On Dec. 3, 2015, three mayor Dutch universities opened a new institute called QuSoft that, according to the press release, will be dedicated exclusively to writing quantum computing software. QuSoft is being billed as the first academic institute to be dedicated in that manner, and I tend to agree. As far as I know, no other nation has a similar institute.
It seems clear that QuSoft and its partner Dutch institute, QuTech, which does hardware instead of software, have intentions of eventually converting into private corporations after government funding has made them profitable. I reported earlier on QuTech in my previous blog post entitled “The Dutch Stallion and the Canadian Donkey”. Thus, it appears that the QuSoft-QuTech-Intel-Microsoft juggernaut will become more industrial and less academic as time goes on.
Meanwhile, IQC of the Univ. of Waterloo, Canada, founded 13 years ago (2002), has spent more than $150M to become the world’s leading powerhouse in NMR quantum computing and quantum cryptography, both known to be dead end streets since day one. They have also produced a computer game called QuantumCats, a knockoff of Angry Birds. Playing QuantumCats for 100 hours teaches less quantum mechanics than reading Wikipedia articles about QM for 15 minutes. Also, a Canadian Univ. (Dalhousie) used American defense funding (from IARPA) to write a QC programming environment called Quipper. The only problem is that Quipper is written in Haskell, a programming language so cryptic that almost nobody uses it in industry.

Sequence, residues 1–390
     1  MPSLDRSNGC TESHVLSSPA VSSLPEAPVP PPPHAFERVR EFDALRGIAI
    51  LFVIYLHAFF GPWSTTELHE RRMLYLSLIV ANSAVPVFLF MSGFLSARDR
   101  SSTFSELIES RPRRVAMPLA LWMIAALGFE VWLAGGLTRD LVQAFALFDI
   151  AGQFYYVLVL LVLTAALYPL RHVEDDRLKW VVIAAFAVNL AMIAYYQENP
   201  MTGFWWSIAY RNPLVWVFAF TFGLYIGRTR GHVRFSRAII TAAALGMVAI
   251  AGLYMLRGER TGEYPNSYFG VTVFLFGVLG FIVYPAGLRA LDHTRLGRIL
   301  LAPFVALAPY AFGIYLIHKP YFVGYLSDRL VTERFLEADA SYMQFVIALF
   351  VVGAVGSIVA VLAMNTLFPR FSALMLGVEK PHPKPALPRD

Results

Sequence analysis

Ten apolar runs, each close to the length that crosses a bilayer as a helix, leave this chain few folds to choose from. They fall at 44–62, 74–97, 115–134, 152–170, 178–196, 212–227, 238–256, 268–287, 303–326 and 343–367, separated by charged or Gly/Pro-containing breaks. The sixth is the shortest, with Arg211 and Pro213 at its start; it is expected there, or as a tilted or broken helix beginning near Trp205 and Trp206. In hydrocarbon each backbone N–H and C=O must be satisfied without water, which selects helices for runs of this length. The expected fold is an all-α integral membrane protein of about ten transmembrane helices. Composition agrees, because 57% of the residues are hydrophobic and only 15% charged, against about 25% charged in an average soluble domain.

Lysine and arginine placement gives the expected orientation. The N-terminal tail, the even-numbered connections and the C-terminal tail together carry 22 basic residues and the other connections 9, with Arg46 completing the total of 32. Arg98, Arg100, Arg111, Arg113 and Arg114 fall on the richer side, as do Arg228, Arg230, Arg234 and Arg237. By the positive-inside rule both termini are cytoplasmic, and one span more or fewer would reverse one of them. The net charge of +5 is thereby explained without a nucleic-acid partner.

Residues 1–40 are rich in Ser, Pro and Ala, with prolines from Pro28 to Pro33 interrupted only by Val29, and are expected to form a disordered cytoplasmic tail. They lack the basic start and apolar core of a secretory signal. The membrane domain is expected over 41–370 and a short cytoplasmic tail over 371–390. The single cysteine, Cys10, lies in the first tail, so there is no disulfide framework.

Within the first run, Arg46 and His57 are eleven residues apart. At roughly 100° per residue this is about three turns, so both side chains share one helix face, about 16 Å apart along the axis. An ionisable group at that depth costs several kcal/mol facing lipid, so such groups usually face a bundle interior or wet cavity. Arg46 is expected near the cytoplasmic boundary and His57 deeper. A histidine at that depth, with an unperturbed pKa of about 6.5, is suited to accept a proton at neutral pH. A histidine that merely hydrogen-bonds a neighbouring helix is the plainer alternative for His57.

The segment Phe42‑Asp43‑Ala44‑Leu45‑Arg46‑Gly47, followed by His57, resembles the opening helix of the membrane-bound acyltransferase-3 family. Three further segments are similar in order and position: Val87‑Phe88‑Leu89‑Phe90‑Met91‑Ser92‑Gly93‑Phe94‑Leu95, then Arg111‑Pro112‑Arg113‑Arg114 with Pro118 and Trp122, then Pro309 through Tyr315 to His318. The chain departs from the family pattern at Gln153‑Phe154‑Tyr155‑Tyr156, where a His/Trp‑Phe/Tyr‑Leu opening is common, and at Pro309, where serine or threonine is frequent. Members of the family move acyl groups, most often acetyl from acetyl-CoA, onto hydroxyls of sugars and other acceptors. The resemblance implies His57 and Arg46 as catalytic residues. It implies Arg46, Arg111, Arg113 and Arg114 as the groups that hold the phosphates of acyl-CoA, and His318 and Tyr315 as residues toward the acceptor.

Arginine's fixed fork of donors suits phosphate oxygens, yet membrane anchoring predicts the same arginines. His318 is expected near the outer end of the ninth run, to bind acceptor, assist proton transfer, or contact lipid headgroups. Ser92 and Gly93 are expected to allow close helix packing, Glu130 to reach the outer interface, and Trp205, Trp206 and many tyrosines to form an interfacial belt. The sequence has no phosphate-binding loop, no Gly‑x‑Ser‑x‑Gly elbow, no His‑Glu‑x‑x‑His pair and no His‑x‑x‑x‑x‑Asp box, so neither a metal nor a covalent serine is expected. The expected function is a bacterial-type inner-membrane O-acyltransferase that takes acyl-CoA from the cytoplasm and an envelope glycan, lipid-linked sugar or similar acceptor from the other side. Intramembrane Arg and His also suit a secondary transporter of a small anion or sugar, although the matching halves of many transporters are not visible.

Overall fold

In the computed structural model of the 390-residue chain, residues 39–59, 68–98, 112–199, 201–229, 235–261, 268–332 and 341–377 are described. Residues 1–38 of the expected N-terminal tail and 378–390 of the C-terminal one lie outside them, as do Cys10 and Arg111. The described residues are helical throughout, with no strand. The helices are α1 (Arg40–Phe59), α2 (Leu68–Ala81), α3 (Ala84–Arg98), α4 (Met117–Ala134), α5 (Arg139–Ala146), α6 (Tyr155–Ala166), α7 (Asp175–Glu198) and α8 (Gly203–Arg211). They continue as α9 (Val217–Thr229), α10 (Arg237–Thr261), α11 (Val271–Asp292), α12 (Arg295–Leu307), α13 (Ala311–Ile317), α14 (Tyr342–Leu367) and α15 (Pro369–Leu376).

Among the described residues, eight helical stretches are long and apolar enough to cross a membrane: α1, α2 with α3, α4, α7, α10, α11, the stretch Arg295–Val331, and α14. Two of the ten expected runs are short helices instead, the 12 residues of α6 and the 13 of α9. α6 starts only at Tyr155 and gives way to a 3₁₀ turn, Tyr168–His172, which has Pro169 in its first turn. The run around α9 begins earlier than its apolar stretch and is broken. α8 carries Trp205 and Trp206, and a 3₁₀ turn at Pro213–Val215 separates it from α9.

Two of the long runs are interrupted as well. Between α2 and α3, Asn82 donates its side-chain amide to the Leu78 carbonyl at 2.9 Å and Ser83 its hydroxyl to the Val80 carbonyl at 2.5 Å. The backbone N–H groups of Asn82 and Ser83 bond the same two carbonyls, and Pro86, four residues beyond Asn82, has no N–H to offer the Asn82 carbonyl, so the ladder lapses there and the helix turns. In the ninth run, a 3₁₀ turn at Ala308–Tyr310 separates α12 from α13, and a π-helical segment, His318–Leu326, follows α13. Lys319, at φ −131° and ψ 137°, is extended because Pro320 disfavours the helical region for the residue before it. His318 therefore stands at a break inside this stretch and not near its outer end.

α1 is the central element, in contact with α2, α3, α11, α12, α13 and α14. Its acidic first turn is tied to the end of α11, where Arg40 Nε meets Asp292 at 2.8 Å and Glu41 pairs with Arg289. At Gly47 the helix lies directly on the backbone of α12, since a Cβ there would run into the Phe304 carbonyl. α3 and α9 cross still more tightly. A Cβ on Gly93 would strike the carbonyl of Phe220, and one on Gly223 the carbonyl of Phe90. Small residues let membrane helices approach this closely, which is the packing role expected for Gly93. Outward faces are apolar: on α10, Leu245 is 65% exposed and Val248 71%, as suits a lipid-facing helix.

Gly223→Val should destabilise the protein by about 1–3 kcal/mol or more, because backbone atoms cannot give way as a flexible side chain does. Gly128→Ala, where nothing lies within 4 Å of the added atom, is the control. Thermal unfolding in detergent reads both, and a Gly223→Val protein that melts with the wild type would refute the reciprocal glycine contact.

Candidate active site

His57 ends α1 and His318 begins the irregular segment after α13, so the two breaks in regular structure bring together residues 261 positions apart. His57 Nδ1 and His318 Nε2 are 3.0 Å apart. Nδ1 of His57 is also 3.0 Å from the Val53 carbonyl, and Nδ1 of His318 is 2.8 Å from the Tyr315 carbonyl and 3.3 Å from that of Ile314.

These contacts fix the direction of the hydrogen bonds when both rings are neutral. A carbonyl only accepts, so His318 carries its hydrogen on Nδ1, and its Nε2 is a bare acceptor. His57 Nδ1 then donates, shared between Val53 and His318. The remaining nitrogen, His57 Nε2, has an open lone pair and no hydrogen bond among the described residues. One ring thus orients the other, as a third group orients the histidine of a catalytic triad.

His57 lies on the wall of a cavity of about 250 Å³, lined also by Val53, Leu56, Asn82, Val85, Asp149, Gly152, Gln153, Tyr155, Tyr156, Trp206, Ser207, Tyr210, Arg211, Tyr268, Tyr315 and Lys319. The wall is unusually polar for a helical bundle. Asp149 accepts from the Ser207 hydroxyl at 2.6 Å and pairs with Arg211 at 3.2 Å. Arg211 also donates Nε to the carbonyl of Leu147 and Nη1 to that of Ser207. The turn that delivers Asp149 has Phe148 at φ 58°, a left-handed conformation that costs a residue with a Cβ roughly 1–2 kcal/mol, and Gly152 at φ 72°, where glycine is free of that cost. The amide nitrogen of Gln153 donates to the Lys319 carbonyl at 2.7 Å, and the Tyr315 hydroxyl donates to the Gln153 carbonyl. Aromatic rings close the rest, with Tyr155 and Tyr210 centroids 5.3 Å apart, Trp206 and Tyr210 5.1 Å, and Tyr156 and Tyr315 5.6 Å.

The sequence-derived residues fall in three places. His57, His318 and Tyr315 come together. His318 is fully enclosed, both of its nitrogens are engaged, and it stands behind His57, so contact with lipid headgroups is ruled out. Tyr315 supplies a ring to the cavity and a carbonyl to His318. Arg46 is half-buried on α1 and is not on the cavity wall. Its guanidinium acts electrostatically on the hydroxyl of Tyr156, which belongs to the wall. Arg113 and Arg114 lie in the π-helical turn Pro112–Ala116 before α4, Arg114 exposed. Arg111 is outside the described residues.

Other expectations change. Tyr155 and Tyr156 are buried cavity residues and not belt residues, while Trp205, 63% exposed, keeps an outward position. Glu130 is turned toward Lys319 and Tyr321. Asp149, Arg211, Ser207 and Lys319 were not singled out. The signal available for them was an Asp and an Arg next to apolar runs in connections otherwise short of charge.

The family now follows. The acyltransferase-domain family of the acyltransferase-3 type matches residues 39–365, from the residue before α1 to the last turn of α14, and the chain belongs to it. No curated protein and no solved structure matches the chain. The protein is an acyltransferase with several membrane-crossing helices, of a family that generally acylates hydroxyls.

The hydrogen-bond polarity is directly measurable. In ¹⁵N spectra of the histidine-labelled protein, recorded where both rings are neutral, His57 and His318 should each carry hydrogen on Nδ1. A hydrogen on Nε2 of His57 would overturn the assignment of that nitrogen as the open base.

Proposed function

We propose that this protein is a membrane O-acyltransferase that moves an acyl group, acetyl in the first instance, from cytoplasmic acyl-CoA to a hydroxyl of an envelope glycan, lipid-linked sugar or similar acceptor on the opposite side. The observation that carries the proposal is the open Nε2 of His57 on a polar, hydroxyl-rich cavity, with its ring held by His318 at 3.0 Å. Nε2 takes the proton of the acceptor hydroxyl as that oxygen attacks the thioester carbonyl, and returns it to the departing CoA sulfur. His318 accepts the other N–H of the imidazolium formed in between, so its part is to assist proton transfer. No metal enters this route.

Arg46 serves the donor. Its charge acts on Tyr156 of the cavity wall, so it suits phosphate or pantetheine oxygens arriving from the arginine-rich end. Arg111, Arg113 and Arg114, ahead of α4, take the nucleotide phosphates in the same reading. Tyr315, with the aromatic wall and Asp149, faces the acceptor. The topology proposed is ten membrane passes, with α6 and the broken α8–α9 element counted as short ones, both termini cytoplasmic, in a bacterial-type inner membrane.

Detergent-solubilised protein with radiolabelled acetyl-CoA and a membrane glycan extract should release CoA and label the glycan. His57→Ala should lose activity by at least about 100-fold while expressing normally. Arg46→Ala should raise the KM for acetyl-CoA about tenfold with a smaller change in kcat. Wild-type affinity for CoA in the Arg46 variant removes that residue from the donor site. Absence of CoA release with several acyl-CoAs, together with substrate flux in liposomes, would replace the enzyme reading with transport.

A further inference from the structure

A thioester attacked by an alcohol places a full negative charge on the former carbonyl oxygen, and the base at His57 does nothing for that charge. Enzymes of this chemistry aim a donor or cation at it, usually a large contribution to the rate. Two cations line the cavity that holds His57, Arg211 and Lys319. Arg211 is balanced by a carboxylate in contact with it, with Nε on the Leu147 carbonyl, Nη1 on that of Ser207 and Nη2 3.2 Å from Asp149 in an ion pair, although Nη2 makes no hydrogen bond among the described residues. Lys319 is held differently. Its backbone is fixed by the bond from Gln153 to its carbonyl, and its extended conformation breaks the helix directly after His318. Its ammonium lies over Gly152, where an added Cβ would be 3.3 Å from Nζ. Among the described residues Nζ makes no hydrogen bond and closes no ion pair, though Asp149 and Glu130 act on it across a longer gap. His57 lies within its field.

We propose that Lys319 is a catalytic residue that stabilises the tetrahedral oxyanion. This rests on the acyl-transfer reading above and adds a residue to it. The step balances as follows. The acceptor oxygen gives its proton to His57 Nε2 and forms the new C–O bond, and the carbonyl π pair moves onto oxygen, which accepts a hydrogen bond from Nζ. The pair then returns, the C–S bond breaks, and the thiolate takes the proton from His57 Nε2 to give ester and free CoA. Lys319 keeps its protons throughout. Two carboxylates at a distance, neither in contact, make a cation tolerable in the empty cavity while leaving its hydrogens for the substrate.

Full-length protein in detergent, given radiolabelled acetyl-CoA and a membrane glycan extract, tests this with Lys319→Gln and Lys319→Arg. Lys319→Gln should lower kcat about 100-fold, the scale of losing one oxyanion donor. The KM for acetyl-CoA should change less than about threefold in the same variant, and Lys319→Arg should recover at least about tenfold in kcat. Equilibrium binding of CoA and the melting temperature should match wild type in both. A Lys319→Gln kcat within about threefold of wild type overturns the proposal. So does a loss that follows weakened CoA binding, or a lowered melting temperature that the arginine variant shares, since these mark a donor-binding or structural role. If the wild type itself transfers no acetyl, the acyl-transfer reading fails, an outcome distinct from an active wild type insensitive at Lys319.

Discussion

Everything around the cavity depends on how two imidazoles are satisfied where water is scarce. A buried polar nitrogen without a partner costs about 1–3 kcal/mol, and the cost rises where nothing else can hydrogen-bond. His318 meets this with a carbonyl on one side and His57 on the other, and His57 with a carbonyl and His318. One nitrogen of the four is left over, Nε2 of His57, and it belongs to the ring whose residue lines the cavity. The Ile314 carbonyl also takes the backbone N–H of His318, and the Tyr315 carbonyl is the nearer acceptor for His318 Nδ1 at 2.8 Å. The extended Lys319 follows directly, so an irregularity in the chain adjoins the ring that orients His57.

But despair not, Justin Bieber compatriots. I live in the US, but the company that I work for, artiste-qb.net, is incorporated in Canada. Oh Canada, we salute thee!
artiste-qb.net is a software company led by scientist programmers with close ties to industry, not by academics that program in Haskell. Our “Quantum Fog on GitHub” project is open-source under the BSD license and coded in Python. We also have 12 QC software patents (6 granted and 6 pending). QuSoft starts off with zero patents.
Time will tell, but right now, QuSoft is looking pretty frumpy compared to my company. QuSoft reminds me of a Dutch campervan, of the type that plagues French, German and Spanish camping sites every summer. If you are not familiar with this natural phenomenon, comparable to a Monarch butterfly migration, here is a description from the National Geographic (sort of). On the other hand, artiste-qb.net reminds me of a starship, an analogy which I made before in my previous blog post entitled: “Houston, Tranquility Base here, the Dragonfly has landed”. artiste-qb.net will reach for the stars, and QuSoft will reach for the cows.